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SOCIAL EVENTS Florilegium Urbanum

Keywords: medieval York Corpus Christi plays preservation peace crafts theatre

Subject: Orders regarding the Corpus Christi pageants
Original source: York City Archives, Memorandum Book A/Y, f.245
Transcription in: Lucy Toulmin Smith, ed. York Plays: the plays performed by the crafts or mysteries of York on the day of Corpus Christi, New York: Russell and Russell, 1963 (original edition 1885), xxxiv.
Original language: Middle English
Location: York
Date: 1394


Proclamation [concerning] the Corpus Christi play performed on the eve of Corpus Christi

Hear ye, etc. On behalf of the king and the mayor and sheriffs of this city, we order that no-one is to go about in the city armed with sword or Carlisle-axe, nor any other weapon, so as to disturb the king's peace or the play, or to obstruct the Corpus Christi procession. They are to leave their harness in their inns – except in the cases of knights and respectable squires, who have their swords carried after them – upon penalty of confiscation of their weapons and imprisonment. Those men who present the pageants are to perform at the places assigned them, and nowhere else, upon penalty of the fine already established; that is, 40s. The craftsmen and all other men who have to provide torches are to proceed out in good array, in the fashion which has previously been the custom, carrying the pageant lights; none are to be bearing weapons. Officers responsible for keeping the peace, upon penalty of disfranchisement and imprisonment, ... [see note]. All craftsmen are to present their pageants in an orderly fashion, according to sequence, using good performers properly costumed and reciting audibly, upon penalty of 100s. to be paid to the chamber without any remission. All performers who are to take part are to be ready at the proper time – that is, at the half-hour between 4 and 5 in the morning; with each of the pageants following each other, according to the sequence, in a timely manner without dawdling, upon penalty of 6s.8d. paid to the chamber.


This set of orders suggests that the celebrations on Corpus Christi day had become an opportunity for trouble-making by rowdier elements, or a venue for bringing rivalries to a violent head. Such problems were not easy to resolve; we hear again, in 1419, that while participating in the Corpus Christi procession the skinners were assaulted by members of the carpenters' and tawyers' gilds. Further evidence from the next decade indicates that the Corpus Christi festival was far from being a solemn religious ceremony, but was an excuse – at least among some elements of the city populace, as well as some of the visitors from outside – for general raucous behaviour.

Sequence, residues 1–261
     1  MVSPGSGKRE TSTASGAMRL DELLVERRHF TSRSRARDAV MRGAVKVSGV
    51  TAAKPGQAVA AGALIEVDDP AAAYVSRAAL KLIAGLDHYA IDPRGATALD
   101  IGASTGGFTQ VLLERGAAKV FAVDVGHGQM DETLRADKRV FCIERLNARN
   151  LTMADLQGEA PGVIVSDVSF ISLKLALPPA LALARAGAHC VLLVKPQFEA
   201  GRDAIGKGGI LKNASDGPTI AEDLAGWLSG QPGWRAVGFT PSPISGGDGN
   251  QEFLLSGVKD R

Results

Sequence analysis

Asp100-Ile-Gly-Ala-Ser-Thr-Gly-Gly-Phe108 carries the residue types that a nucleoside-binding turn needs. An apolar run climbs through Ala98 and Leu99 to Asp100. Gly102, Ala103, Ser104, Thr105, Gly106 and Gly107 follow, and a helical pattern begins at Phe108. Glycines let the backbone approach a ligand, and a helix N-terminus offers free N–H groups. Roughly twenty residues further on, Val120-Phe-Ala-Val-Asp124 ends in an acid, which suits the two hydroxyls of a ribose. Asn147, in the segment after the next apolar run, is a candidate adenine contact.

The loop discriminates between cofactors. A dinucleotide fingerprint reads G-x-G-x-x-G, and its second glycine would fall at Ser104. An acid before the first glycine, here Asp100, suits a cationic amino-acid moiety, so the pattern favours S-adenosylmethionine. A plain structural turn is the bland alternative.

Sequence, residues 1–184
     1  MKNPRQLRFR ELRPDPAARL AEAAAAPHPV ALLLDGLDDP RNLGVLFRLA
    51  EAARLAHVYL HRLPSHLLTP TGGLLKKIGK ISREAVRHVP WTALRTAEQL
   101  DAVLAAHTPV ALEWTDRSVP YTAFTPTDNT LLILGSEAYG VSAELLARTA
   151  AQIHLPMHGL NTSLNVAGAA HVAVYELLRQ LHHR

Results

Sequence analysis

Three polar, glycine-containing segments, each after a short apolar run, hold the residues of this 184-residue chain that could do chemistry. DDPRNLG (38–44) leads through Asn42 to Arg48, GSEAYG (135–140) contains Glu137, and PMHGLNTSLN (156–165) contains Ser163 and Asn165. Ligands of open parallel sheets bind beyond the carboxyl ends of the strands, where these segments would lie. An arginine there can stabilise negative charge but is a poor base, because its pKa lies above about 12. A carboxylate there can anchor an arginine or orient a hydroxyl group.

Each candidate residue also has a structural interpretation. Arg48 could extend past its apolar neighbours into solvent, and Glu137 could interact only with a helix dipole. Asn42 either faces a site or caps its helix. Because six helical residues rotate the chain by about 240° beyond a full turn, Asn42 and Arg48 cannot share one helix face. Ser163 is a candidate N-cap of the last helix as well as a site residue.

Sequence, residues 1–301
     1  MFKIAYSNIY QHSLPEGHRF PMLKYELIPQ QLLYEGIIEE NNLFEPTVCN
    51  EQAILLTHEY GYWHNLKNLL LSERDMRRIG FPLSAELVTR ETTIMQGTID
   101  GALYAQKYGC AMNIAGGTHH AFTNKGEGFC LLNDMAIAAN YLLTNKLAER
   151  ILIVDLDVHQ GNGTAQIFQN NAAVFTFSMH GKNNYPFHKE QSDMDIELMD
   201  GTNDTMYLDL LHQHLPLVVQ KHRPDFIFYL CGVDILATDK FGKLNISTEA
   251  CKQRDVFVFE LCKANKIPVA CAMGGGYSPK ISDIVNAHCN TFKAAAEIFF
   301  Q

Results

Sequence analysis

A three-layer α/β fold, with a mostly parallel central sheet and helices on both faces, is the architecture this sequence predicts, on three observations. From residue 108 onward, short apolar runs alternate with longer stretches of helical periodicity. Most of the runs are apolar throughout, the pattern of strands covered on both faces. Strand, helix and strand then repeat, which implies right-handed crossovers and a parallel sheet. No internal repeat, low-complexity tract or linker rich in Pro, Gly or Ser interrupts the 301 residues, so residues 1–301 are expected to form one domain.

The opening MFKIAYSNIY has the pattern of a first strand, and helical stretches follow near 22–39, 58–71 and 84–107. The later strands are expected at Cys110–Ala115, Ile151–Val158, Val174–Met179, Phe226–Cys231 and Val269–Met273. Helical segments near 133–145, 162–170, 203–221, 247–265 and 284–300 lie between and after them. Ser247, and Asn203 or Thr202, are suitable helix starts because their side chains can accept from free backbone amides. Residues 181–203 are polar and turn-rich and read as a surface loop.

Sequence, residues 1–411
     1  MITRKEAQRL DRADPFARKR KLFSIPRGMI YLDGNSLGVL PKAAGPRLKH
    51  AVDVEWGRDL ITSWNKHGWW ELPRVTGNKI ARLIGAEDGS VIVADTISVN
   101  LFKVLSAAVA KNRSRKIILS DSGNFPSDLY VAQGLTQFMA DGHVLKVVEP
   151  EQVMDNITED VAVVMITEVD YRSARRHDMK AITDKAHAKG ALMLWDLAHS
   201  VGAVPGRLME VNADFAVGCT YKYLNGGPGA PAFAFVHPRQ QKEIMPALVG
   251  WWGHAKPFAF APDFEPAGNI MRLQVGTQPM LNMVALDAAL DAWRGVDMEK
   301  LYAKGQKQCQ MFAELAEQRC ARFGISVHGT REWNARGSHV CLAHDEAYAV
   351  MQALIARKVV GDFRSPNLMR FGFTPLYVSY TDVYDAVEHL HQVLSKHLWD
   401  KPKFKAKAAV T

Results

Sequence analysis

The orders also reflect the continual difficulty with keeping the large number of presentations sequenced in an orderly fashion that adhered to a schedule and specific locations for performance. A simulation of the sequencing/timing of performances at the different stations has estimated that it would have required 20 hours to complete the entire cycle of 48 presentations at each of the 12 stations, assuming everything ran smoothly and there were no unscheduled stops (as there evidently were), with each wagon taking about 3 hours to complete the route. This estimation is based upon assumptions regarding the lengths of each performance and the speed and coordination with which wagons moved from station to station, and the assumption that all pageants were presented each year; all of which historians debate. That the different pageants varied considerably in length – performance time ranging between 5 and 30 minutes – must have made smooth transitions near to impossible: some stations would have been without any performances for periods, while other stations would have the next wagon waiting for the previous to finish. Even though the daylight hours were relatively long in northern England at this time of year, the last pageants must have been performing in twilight or the dark (as some complaints attest).

In addition we see a concern for the quality of the presentations. Craftsmen were not necessarily good actors (as Shakespeare reflected through Bottom's troupe in A Midsummer Night's Dream). A later ordinance (1476) required four of the most capable actors in the city to ensure the quality of production of the pageants, including auditioning performers and discharging any not up to the demands of theatrical performance. At the same time, it was prohibited for any performer to undertake more than two roles (again Bottom is recalled), suggesting either that the more capable gildsmen were being over-used or perhaps even that professionals were being employed by some of the gilds.



In this context, harness refers to the accoutrements worn for carrying weapons. This phrase also indicates how the plays and the procession must have attracted visitors from outside the city, some perhaps coming for other entertainment than just the official events.

[latter half of text]
The latter half of this text is not the original version, but written in a different hand over an erasure. The erasure probably explains why the sentence concerning keepers of the peace is truncated and lacks verb and object.

Refers to the financial office of city government.

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Created: August 18, 2001. Last update: November 27, 2002 © Stephen Alsford, 2001-2003

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